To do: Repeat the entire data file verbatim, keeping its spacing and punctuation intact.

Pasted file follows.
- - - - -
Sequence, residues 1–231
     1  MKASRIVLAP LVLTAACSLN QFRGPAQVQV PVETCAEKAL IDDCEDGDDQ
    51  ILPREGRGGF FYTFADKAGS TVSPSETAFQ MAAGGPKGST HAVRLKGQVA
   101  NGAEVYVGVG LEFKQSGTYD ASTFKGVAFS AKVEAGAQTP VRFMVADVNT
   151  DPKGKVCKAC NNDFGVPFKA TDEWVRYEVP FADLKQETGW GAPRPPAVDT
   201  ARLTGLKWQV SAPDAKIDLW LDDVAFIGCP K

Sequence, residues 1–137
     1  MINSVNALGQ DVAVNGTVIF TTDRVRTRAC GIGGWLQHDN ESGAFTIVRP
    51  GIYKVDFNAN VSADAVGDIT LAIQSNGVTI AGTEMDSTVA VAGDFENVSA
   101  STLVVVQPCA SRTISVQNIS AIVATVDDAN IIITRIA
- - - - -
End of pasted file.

Sequence, residues 1–231
     1  MKASRIVLAP LVLTAACSLN QFRGPAQVQV PVETCAEKAL IDDCEDGDDQ
    51  ILPREGRGGF FYTFADKAGS TVSPSETAFQ MAAGGPKGST HAVRLKGQVA
   101  NGAEVYVGVG LEFKQSGTYD ASTFKGVAFS AKVEAGAQTP VRFMVADVNT
   151  DPKGKVCKAC NNDFGVPFKA TDEWVRYEVP FADLKQETGW GAPRPPAVDT
   201  ARLTGLKWQV SAPDAKIDLW LDDVAFIGCP K

Sequence, residues 1–137
     1  MINSVNALGQ DVAVNGTVIF TTDRVRTRAC GIGGWLQHDN ESGAFTIVRP
    51  GIYKVDFNAN VSADAVGDIT LAIQSNGVTI AGTEMDSTVA VAGDFENVSA
   101  STLVVVQPCA SRTISVQNIS AIVATVDDAN IIITRIA